— 8 min read

It's difficult to ensure that you have a productive week. According a study conducted by the University of California, you need half an hour to refocus after being interrupted during a task. Online distractions are increasing and with them, the solutions to increase productivity are changing. Avoiding online and "IRL" distractions are just the tip of the iceberg though.

Multitasking and crammed task lists equally overwhelm everyone.

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1. Optimize your plans

GTD (Getting Things Done) is a method to help you prioritize your plans. Author David Allen states that it's possible to have a long to-do list and still have a productive week.  The planning process is what matters. Using GTD to plan out your week lets you focus on meaningful tasks instead of on the amount of tasks..

The key is that you already know what needs to be prioritized. However, the results are muddied because of a lack of focus and not intentionally writing out your task list at the beginning of the week.

2. Focus on one thing at a time

So, I'm writing a blog post and I'm stuck trying to track down a source to a study. As if on auto-pilot, I open up the tab where my email sits and skim through all the unread mails I have. You know, like a FOOL. 15 minutes pass and I can't remember what I was doing and move onto something else completely unrelated.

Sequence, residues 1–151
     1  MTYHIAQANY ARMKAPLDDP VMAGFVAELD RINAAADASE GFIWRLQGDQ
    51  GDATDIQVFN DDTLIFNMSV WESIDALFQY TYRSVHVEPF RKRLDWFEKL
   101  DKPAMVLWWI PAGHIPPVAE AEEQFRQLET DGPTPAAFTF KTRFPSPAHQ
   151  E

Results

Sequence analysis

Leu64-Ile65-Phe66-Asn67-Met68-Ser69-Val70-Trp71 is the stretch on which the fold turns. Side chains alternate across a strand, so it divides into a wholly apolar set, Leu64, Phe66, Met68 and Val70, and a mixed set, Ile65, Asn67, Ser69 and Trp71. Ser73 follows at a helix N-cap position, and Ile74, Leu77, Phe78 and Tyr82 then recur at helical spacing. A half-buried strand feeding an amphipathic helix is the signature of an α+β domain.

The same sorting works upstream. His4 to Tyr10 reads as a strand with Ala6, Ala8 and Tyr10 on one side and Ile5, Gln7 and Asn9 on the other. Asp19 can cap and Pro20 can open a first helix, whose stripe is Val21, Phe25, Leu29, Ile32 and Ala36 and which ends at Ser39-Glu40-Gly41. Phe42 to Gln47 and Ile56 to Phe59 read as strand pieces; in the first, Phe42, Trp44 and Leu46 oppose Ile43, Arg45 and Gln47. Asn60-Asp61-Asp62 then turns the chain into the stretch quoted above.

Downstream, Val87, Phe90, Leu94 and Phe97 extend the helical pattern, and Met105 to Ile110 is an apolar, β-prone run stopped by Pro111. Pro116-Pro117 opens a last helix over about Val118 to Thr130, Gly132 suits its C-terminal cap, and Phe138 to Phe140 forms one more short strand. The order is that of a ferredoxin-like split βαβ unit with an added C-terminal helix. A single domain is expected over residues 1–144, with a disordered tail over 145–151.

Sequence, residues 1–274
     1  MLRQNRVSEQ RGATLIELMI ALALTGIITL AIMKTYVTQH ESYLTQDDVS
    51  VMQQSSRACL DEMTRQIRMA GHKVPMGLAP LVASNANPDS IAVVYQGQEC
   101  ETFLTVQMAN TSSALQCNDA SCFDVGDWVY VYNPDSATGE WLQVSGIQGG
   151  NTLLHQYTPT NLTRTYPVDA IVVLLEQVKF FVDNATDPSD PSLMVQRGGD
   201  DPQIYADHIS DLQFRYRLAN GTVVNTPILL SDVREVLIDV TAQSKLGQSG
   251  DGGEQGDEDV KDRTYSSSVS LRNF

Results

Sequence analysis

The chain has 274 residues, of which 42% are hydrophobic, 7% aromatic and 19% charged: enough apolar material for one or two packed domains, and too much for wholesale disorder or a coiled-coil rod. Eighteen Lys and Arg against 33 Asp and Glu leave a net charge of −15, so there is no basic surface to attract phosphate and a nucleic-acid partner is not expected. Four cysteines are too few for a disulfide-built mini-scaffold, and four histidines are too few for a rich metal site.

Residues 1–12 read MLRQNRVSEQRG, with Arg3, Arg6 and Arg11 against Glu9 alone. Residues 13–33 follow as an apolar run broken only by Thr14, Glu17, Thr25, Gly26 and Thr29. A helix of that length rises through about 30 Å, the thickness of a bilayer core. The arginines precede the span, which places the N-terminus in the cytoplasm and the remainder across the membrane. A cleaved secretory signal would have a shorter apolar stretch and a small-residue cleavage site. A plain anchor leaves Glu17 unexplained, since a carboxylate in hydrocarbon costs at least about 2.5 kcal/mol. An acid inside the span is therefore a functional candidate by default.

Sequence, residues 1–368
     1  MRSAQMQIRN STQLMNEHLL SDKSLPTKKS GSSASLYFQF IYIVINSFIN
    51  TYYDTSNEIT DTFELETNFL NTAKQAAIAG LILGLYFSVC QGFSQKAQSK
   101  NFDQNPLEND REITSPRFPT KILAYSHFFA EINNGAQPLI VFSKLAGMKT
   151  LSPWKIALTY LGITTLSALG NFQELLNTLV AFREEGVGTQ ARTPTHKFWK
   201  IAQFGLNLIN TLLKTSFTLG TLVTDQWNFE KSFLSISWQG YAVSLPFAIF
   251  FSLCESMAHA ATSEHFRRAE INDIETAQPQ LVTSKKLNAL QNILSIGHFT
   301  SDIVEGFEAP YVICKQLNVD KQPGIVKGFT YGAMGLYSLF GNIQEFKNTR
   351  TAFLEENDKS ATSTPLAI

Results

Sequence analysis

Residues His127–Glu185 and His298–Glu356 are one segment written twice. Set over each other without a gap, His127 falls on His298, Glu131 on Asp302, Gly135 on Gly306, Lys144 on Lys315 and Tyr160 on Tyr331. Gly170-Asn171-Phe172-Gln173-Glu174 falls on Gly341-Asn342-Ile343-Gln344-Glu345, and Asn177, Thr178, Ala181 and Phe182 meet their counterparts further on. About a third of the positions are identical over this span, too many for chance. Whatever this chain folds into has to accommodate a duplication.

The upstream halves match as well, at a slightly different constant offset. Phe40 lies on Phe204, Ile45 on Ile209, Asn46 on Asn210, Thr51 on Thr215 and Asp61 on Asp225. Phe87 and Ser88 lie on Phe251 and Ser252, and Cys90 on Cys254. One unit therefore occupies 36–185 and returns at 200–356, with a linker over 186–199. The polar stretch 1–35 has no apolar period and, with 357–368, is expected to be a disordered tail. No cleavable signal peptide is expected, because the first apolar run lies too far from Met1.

Having a lot of things to do isn't dangerous, multitasking is.

Leadership speaker Peter Bregman wrote of the dangers of multitasking in everyday life. Work tasks are no different. GTD's first step is about writing what you need to get done first so it doesn't distract you during other tasks. Distractions are plentiful enough as it is, and therefore, it's important to empty your mind and work with intention.

It's not possible to eliminate multitasking in every situation, but by consciously refusing to engage with it, you can have a much more productive week.

3. Review your weekly progress